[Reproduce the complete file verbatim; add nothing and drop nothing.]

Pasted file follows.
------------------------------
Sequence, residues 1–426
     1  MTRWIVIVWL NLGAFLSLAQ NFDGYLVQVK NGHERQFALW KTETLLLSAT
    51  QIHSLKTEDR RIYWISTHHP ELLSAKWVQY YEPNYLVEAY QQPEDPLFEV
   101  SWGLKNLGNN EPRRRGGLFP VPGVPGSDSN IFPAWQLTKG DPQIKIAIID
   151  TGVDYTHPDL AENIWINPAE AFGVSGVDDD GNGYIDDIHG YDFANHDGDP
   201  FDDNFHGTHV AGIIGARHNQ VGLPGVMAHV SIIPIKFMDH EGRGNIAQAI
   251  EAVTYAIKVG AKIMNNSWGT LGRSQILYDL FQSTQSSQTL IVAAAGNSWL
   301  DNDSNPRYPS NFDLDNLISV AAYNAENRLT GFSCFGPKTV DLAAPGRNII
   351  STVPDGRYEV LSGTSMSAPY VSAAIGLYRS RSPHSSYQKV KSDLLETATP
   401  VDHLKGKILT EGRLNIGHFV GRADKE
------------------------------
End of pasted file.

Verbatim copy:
Sequence, residues 1–426
     1  MTRWIVIVWL NLGAFLSLAQ NFDGYLVQVK NGHERQFALW KTETLLLSAT
    51  QIHSLKTEDR RIYWISTHHP ELLSAKWVQY YEPNYLVEAY QQPEDPLFEV
   101  SWGLKNLGNN EPRRRGGLFP VPGVPGSDSN IFPAWQLTKG DPQIKIAIID
   151  TGVDYTHPDL AENIWINPAE AFGVSGVDDD GNGYIDDIHG YDFANHDGDP
   201  FDDNFHGTHV AGIIGARHNQ VGLPGVMAHV SIIPIKFMDH EGRGNIAQAI
   251  EAVTYAIKVG AKIMNNSWGT LGRSQILYDL FQSTQSSQTL IVAAAGNSWL
   301  DNDSNPRYPS NFDLDNLISV AAYNAENRLT GFSCFGPKTV DLAAPGRNII
   351  STVPDGRYEV LSGTSMSAPY VSAAIGLYRS RSPHSSYQKV KSDLLETATP
   401  VDHLKGKILT EGRLNIGHFV GRADKE